Um, if you in any way hold It’s A Wonderful Life to be sacrosanct, then perhaps it’s best if you skip the following clip. However, if you don’t mind seeing a time-honored piece of movie history get goofed on, and especially if you happen to know the original Night Of The Living Dead frame by frame, then by all means, press play and enjoy.
Seriously, do you have any idea how hard it’s going to be now to watch Capra’s Christmas classic without hearing Leslie Ryan’s voice in my head yelling out “No, Zuzu, no!”? Oh well, it’s still just a movie. Really no big deal when things are said and done.
Unfortunately, in the real world, when some mental images get tainted, they can’t be recovered from so easily. In the recent book Light Of The World, when asked to comment on the sex abuse scandals which have rocked the Catholic Church over the past decade, Pope Benedict XVI admitted, “It was really almost like the crater of a volcano, out of which suddenly a tremendous cloud of filth came, darkening and soiling everything, so that above all the priesthood suddenly seemed to be a place of shame and every priest was under the suspicion of being one like that too… It is a particularly serious sin when someone who is actually supposed to help people toward God… abuses him instead and leads him away from the Lord. As a result the faith as such becomes unbelievable, and the Church can no longer present herself credibly as the herald of the Lord.”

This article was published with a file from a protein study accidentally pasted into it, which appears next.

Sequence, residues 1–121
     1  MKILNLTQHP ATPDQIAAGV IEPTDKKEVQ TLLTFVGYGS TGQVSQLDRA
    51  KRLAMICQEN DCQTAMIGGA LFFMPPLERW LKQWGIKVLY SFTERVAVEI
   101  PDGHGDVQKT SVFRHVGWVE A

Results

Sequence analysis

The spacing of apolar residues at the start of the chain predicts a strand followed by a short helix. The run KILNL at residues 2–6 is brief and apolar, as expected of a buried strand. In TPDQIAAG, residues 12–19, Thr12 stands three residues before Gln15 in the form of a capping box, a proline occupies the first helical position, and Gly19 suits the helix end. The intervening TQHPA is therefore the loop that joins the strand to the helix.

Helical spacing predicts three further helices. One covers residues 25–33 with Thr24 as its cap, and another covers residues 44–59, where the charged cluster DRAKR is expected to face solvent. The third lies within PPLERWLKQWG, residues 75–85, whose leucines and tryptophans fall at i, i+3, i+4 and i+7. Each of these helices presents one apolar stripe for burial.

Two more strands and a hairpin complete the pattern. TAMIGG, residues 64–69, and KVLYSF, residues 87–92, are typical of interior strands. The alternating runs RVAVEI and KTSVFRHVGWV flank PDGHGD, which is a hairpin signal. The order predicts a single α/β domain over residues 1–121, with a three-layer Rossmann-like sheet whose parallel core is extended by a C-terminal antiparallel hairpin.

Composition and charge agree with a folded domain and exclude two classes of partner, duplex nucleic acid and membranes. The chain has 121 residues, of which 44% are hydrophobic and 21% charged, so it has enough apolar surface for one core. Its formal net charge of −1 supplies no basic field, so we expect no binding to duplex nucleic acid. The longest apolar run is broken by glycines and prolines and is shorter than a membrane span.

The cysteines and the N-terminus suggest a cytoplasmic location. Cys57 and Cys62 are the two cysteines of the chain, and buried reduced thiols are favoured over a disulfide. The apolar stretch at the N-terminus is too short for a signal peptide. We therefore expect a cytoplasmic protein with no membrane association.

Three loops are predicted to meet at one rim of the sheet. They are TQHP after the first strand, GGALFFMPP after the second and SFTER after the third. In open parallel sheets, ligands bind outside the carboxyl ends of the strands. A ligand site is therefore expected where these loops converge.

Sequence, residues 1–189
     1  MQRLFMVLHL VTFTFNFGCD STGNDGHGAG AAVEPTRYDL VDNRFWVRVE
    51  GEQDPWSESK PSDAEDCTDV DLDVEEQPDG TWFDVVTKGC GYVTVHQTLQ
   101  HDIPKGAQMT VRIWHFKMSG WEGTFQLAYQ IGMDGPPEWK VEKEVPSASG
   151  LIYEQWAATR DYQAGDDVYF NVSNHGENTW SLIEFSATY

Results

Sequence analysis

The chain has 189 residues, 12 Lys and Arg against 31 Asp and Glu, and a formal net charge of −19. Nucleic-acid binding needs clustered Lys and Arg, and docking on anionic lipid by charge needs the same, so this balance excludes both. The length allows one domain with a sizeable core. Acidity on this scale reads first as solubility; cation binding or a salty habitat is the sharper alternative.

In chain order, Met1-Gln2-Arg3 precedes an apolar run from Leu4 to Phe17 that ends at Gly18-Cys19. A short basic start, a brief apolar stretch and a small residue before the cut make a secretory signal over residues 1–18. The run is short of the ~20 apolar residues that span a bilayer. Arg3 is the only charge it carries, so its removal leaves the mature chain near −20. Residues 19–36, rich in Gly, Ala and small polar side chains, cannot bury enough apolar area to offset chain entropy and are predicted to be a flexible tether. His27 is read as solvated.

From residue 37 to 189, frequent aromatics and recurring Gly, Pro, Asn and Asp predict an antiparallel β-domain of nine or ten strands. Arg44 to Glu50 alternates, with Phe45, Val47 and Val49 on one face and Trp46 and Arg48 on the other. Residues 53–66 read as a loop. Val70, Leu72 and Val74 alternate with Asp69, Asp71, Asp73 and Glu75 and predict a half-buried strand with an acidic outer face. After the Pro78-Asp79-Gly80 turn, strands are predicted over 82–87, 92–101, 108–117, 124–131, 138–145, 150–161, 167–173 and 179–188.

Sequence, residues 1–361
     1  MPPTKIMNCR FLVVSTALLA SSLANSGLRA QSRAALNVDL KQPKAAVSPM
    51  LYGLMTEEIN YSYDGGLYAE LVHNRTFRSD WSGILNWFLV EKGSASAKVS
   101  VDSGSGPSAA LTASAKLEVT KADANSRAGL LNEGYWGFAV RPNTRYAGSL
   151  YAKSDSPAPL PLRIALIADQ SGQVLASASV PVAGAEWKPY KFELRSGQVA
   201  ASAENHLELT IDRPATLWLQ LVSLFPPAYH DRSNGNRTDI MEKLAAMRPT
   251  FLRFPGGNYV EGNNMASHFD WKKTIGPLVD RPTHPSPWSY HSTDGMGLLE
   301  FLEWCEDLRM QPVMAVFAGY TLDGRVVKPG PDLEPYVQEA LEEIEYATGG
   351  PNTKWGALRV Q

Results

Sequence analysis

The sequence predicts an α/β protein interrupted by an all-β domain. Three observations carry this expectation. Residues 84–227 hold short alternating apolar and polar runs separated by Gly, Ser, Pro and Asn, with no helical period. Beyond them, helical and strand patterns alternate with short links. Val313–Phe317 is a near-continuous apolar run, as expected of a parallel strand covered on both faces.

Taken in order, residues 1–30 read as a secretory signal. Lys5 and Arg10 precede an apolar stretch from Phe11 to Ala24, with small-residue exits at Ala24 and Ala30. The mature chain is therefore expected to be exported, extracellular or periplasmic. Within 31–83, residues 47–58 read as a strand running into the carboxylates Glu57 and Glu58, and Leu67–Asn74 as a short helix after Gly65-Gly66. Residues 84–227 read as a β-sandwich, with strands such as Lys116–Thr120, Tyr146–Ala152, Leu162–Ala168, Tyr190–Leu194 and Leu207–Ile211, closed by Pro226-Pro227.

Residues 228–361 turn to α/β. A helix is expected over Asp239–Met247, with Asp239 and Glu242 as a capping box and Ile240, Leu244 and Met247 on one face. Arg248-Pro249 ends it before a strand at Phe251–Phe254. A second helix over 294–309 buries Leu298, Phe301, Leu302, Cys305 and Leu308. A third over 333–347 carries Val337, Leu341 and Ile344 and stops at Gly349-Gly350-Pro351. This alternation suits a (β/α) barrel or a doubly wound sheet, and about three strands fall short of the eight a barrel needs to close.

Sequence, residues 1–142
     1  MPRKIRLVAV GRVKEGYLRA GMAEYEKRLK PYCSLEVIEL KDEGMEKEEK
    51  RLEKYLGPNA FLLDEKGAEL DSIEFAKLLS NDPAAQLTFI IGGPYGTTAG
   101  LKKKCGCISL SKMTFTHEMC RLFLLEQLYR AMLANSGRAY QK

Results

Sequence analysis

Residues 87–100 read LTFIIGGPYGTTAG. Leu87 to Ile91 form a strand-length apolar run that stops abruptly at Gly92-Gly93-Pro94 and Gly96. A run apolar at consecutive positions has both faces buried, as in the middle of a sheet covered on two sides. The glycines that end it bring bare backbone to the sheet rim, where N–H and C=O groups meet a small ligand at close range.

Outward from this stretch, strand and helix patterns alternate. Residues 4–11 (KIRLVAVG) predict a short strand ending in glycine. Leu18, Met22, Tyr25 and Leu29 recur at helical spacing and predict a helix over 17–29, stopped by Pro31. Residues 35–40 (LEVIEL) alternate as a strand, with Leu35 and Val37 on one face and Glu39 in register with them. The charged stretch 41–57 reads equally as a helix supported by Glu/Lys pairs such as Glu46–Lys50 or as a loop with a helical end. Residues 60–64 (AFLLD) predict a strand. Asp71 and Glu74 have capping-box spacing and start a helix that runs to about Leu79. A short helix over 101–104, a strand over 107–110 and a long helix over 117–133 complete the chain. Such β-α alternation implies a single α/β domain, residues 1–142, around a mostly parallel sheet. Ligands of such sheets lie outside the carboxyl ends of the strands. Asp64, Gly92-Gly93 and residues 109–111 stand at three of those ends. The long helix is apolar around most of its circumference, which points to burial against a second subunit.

You see, the Pope recognizes that even though the Church has made steps to minister to and compensate the victims, as well as address the problem internally so as to eliminate as much as possible the chance of such a thing happening again, the scandal has left an indelible taint on the mental image many hold of the Catholic Church. Hell, you can’t toss a rock these days without hitting some desperately “cutting edge” comedian making pedophile priests jokes (Come back to us Dennis Leary. I’ve seen The Ref four times, so I know you can be funny sometimes.). All in all, it can get pretty disheartening for someone who holds the faith dear.
But when asked if the scandals, along with the ensuing media onslaught, ever made him consider retiring, Benedict answered simply “One can resign at a peaceful moment or when one simply cannot go on. But one must not run away from danger and say that someone else should do it… I think that whereas we must not minimize the evil and must sorrowfully acknowledge it, by the same token we must also still be grateful for how much light streams forth from the Catholic Church and should make that visible.” And as for those “who have only these negative perceptions, no longer see then the overall picture, the life of the Church. All the more reason that the Church must strive to make this vitality and greatness visible again, despite all that is negative.”
So, fair or not, that is the burden and calling of this generation of Catholics, to shine forth through the example of our daily lives in order to refocus the attention of the world on what is good and true within Christianity, so that the image the world holds of our faith is the original one put forth by Jesus and not the re-envisioned one that has resulted from the scandals. Easy? Nope. Probably not going to happen in our lifetime. But we’re the ones who have to get the ball rolling. And considering the heavy hitters on our side (God, the angels, and over 10,000 named saints), I think we’ll do okay.
It’s A Wonderful Life, on the other hand, is toast. No, Zuzu, no!